5. Since not as many people will be visiting your blog, you’ll have lower page views, which is bad for your SEO.

Partial Feed – Being a tease

Example of a partial feed, from

Example of a partial feed, from Small Things. Short and sweet.

Publishing your feed with just a small excerpt from your post is becoming more common.  Several of the major blogs I personally read (or used to read) use post excerpts (e.g., MADE, Small Things, Sew Liberated), and switching to excerpts is definitely a growing trend.


  1. All your readers have the same experience, and they’re viewing your posts in context on your blog.
  2. Readers are more likely to share your content and interact with you via comments.
  3. Your readers can see (and click on!) your sponsors’ buttons in your sidebar.
  4. Your blog will have higher page views, which is good for your search engine optimization (SEO).
  5. Higher page views means you’ll be more attractive to potential blog sponsors, and you’ll be able to charge more for sponsorships.


  1. It may feel unfriendly or impersonal – after all, you’re only giving them 250 words of what they want to see and then telling them they have to do something to see the rest.
  2. It’s annoying.  If you switch to post excerpts in your feed, you’ll probably get some hate mail unhappy readers (and may even lose some subscribers over it).  Yes, some readers think it’s that important.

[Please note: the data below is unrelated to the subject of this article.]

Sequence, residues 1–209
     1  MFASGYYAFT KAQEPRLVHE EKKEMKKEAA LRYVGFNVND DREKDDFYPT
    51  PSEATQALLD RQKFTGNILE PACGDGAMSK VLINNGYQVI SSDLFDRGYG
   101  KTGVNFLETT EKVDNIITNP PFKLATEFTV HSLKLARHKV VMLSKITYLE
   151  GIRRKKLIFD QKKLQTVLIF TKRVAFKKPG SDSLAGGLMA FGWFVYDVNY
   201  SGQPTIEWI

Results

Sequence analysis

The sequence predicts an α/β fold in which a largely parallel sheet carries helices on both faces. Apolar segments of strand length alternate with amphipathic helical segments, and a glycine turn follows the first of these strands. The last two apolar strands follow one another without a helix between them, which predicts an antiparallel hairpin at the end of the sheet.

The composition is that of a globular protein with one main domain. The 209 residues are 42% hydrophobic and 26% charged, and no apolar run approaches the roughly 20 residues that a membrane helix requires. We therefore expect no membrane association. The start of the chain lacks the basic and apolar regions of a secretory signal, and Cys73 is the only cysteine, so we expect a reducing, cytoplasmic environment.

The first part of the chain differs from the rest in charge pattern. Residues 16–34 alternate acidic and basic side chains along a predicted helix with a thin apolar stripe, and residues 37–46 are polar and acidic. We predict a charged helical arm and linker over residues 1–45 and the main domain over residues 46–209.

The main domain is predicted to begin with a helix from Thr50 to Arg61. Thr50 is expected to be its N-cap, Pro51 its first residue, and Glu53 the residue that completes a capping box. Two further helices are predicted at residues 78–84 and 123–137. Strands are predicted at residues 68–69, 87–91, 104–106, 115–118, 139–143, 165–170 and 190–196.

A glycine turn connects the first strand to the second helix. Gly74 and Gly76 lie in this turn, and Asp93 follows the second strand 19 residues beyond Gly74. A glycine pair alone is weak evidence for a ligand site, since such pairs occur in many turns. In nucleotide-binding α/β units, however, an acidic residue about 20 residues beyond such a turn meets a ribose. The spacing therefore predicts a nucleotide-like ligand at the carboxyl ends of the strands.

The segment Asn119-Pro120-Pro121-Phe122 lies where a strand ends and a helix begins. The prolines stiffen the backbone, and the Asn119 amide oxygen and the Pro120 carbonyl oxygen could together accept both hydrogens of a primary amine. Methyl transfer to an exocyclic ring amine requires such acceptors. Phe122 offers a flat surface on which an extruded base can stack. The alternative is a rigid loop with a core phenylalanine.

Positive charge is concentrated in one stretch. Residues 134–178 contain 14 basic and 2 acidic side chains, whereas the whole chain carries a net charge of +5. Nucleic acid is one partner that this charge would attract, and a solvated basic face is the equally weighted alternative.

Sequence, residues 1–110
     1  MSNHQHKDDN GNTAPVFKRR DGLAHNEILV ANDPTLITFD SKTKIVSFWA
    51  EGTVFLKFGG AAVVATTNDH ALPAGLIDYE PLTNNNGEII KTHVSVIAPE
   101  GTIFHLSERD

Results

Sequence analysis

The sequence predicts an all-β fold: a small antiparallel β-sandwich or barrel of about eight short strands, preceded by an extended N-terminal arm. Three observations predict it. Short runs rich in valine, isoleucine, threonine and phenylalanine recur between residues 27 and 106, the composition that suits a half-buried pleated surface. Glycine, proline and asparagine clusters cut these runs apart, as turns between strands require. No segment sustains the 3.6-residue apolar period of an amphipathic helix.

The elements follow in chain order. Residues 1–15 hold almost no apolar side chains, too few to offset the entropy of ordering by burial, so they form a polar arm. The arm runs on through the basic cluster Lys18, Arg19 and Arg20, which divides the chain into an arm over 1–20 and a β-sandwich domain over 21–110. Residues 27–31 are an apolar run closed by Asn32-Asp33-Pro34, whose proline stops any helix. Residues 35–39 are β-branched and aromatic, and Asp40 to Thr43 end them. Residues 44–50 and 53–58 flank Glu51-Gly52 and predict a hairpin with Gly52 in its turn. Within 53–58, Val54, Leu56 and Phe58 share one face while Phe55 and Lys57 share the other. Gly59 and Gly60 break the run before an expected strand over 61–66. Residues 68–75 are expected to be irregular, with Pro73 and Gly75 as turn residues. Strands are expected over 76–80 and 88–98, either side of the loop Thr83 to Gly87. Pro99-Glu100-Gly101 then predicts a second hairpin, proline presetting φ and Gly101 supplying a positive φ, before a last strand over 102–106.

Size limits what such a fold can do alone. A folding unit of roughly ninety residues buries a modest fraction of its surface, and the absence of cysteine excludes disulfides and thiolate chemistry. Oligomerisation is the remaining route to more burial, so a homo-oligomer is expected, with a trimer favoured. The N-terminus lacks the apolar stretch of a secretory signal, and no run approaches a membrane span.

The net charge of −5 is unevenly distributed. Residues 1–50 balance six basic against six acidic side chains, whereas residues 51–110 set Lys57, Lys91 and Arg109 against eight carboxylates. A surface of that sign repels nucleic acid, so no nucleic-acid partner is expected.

3. There are still people out there with slow internet connections or limited time to spend on the web.  These people like to download all their feeds to their computer, then disconnect from the internet and read them at their leisure.  Switching to a partial feed makes your blog inaccessible to some people, though it’s a minority of blog readers.

Decisions, decisions…

If you’re leaning towards changing your feed to post excerpts, it’s important to find a natural time to do this, such as a blog redesign or when you’re moving from Blogger to WordPress.  If your readers can’t see a reason for your switch, you’ll risk losing subscribers over this issue.